2020 is the year of Chinese phones taking Europe by storm. Oppo launched earlier this year, while Huawei, Xiaomi and OnePlus who finally seems to finally have mainstream ambitions, have been here for years.
Does Europe need another Chinese smartphone company? Vivo thinks so.
Vivo has been making consumer gadgets since 2009 and is massive in Asia. They’re also known for pushing new innovations into smartphones. They were the first to launch with the under screen fingerprint sensor. They are also consistently in the first wave of smartphones with new features like the under display camera.
In Asia, Vivo is a heavy hitter; they just took the number 1 spot away from Samsung in Thailand. Vivo has held the number 5 spot in terms of global smartphone shipments until Oppo took it back this quarter. Not bad for a smartphone maker that has yet to target western markets.
Why Leave Asia?
Chinese manufactures have to look outside their boards for a few reasons. First, the planned 5G rollout around Europe gives Chinese manufacturers an advantage where they could leverage experiences in their home market. Second, Huawei has become more aggressive in China making up for lost global sales thanks Google services being removed from their latest devices. Huawei now has 44% of the Chinese market.
With the launch of the Vivo X51 in Europe, the team was clear that the move to Europe was about sustained long term growth. Not a reaction to other markets but a meaningful expansion that they are not rushing into lightly. Corona slowed Vivo’s as they cancelled the launch of the Vivo Apex 2020 and released it in other markets skipping Europe.
They’re not in a rush to come to market, like we’ve seen with OPPO who also launched into Europe in 2020. At MWC, when the Apex was meant to launch, OPPO launched the Find X2 Pro, which personally I thought was a great phone, even though it was dramatically over priced, that it has since heavily discounted. OPPO made a few mistakes that it seems Vivo may be avoiding.
You get one chance to make a first impression.
Launching in a pandemic has changed all the rules. We can’t have product launches the way we used to and people’s spending habits have changed along with the market landscape.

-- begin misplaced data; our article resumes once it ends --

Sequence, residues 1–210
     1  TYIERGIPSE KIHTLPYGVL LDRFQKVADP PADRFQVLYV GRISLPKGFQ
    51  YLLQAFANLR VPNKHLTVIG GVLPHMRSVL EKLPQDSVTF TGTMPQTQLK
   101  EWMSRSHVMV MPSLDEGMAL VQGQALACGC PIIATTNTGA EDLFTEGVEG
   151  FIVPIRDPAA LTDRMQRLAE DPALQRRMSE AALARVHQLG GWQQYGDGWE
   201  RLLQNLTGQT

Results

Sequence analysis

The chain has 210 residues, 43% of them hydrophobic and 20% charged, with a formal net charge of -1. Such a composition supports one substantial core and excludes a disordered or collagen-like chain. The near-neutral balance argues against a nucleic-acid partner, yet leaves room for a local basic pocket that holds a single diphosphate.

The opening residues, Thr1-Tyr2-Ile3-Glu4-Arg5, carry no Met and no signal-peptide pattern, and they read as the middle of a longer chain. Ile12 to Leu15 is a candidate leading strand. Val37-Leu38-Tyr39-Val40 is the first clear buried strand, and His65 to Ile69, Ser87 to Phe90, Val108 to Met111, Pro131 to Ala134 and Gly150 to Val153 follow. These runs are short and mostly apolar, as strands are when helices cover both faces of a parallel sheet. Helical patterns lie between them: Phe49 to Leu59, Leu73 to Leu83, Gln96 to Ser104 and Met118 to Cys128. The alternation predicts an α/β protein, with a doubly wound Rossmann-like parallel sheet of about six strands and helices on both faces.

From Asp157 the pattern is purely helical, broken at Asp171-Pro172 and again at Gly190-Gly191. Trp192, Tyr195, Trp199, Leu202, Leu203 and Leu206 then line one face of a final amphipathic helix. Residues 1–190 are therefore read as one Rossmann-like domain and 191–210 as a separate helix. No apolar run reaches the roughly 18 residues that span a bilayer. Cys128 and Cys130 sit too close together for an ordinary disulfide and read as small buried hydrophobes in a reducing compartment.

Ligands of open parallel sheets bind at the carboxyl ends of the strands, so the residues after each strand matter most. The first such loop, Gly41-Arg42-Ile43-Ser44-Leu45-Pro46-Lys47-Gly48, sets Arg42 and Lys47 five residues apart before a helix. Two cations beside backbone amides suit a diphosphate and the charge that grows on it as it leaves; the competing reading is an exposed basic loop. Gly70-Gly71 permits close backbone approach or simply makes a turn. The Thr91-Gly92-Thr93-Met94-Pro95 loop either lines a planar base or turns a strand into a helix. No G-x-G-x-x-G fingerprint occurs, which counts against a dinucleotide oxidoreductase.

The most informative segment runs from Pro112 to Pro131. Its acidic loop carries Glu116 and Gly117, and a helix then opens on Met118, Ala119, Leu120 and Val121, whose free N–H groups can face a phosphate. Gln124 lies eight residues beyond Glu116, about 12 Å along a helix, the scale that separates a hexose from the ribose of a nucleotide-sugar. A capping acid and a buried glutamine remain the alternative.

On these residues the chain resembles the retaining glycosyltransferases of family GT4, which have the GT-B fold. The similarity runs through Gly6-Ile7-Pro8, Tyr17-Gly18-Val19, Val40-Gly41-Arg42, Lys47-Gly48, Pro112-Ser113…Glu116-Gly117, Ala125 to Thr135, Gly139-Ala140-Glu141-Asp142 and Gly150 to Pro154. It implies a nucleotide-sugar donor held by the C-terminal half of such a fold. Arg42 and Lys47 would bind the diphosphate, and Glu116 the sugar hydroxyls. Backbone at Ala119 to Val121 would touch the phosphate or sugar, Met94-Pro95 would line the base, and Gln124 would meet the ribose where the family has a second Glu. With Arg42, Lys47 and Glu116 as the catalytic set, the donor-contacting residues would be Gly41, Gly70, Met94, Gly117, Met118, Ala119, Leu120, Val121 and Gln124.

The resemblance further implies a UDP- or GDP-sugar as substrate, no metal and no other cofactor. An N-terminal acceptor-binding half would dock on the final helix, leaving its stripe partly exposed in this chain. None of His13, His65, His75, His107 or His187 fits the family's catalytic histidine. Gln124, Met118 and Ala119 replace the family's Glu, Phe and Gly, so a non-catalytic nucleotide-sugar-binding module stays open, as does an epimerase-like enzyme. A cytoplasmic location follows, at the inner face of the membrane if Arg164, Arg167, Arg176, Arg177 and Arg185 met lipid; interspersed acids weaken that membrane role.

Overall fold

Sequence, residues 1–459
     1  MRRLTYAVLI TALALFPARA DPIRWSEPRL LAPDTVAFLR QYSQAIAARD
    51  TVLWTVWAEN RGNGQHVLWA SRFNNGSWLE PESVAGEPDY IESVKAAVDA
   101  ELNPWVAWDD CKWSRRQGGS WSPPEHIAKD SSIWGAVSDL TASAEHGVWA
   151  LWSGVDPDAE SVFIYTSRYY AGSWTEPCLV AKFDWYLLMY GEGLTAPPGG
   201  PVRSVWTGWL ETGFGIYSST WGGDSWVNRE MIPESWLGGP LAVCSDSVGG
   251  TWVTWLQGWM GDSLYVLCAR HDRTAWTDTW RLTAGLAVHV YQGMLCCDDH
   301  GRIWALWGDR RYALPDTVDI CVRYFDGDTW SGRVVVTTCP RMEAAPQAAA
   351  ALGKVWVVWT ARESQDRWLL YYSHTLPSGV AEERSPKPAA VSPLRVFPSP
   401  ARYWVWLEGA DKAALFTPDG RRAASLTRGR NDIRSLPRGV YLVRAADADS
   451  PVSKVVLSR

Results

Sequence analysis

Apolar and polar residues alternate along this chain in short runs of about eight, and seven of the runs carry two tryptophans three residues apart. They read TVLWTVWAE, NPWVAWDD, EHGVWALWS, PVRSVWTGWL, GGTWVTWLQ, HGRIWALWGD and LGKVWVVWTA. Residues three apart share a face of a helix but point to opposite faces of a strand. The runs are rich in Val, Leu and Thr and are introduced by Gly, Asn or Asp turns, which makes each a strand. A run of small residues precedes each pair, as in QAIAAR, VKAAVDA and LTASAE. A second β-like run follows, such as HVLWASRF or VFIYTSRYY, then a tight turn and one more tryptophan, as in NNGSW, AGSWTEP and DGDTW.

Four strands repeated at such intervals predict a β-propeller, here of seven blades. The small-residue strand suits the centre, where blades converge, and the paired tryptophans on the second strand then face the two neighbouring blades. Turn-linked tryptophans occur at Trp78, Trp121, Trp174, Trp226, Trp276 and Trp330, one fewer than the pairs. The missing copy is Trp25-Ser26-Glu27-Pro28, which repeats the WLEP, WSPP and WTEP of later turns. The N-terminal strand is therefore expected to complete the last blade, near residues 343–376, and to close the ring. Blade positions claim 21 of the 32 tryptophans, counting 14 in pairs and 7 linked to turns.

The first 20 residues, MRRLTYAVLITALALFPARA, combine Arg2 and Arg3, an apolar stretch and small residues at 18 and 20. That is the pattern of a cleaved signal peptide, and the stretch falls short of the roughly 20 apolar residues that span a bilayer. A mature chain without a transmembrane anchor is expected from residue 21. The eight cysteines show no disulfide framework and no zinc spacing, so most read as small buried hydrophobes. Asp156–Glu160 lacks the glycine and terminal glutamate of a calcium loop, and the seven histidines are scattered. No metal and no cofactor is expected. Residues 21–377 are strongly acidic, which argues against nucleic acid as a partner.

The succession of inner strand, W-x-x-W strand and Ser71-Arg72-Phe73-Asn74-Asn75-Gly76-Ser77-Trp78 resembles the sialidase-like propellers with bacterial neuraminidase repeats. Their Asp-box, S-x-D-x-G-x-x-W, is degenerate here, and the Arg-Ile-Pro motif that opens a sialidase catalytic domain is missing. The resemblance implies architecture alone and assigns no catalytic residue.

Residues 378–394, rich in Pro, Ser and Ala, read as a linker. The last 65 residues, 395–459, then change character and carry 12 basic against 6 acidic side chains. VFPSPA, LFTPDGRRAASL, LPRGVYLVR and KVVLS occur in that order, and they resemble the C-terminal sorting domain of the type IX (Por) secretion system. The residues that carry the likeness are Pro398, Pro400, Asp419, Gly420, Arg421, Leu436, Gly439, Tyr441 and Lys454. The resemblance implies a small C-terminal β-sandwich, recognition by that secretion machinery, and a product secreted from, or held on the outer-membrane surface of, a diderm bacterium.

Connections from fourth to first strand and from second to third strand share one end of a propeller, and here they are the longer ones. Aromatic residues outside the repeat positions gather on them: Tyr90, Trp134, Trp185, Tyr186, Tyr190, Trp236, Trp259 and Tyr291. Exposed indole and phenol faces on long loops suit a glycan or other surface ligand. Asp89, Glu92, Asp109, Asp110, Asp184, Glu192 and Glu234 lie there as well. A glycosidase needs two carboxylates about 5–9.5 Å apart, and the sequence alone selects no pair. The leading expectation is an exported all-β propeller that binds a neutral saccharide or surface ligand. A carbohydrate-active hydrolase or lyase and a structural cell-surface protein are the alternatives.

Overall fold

It is true that the smartphone market globally is bound to take a huge hit. According to International Data Cooperation, an analytics firm, the global smartphone market will contract by 2.3 percent over 2020. Q1 2020 when Vivo originally would have launched, was the hardest hit quarter of 2020 contracting by 13.3%. Having said that, it’s not as if Q4 of 2020 isn’t going to be a challenging quarter with the second wave looming.
Many Europeans are facing pay cuts or unemployment. This will be reflected in the smartphone market. Though sales won’t grind to a haul, the interval in which old phones are exchanged with new ones, will be postponed.
The European smartphone market, while being the fastest growing in 2019, is much less dynamic than its Chinese or Indian counterpart and dominated by the established giants Samsung, Apple and Huawei. This will be a challenge for the smaller Chinese firms like Vivo, as their reach as new players is naturally limited.
What is Vivo’s Strategy?
Vivo has a history of leading the market in bringing new features to smartphones. They want to keep this history of innovation and including features that genuinely add value. With the launch of the Vivo X51 it’s clear that Vivo wants to be seen as an innovator. With the Vivo X51, they’re stacking the deck with meaningful iterations and useful innovations.